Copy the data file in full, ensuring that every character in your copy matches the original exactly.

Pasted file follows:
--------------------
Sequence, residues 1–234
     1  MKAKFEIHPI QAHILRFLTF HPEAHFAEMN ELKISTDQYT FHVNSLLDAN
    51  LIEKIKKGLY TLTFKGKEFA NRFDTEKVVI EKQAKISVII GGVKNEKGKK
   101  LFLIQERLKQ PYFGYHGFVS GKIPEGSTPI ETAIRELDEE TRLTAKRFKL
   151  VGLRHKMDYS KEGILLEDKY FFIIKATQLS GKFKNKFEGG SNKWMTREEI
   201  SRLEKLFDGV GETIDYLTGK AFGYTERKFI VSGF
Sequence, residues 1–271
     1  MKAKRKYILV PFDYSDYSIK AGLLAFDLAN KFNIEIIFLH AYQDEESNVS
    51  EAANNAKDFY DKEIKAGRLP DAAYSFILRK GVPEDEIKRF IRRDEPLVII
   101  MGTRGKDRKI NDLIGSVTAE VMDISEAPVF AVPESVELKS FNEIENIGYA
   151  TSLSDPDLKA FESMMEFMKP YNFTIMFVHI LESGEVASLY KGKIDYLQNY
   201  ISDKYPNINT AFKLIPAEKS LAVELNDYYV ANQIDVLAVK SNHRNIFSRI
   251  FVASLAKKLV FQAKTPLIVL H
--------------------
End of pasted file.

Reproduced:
Sequence, residues 1–234
     1  MKAKFEIHPI QAHILRFLTF HPEAHFAEMN ELKISTDQYT FHVNSLLDAN
    51  LIEKIKKGLY TLTFKGKEFA NRFDTEKVVI EKQAKISVII GGVKNEKGKK
   101  LFLIQERLKQ PYFGYHGFVS GKIPEGSTPI ETAIRELDEE TRLTAKRFKL
   151  VGLRHKMDYS KEGILLEDKY FFIIKATQLS GKFKNKFEGG SNKWMTREEI
   201  SRLEKLFDGV GETIDYLTGK AFGYTERKFI VSGF
Sequence, residues 1–271
     1  MKAKRKYILV PFDYSDYSIK AGLLAFDLAN KFNIEIIFLH AYQDEESNVS
    51  EAANNAKDFY DKEIKAGRLP DAAYSFILRK GVPEDEIKRF IRRDEPLVII
   101  MGTRGKDRKI NDLIGSVTAE VMDISEAPVF AVPESVELKS FNEIENIGYA
   151  TSLSDPDLKA FESMMEFMKP YNFTIMFVHI LESGEVASLY KGKIDYLQNY
   201  ISDKYPNINT AFKLIPAEKS LAVELNDYYV ANQIDVLAVK SNHRNIFSRI
   251  FVASLAKKLV FQAKTPLIVL H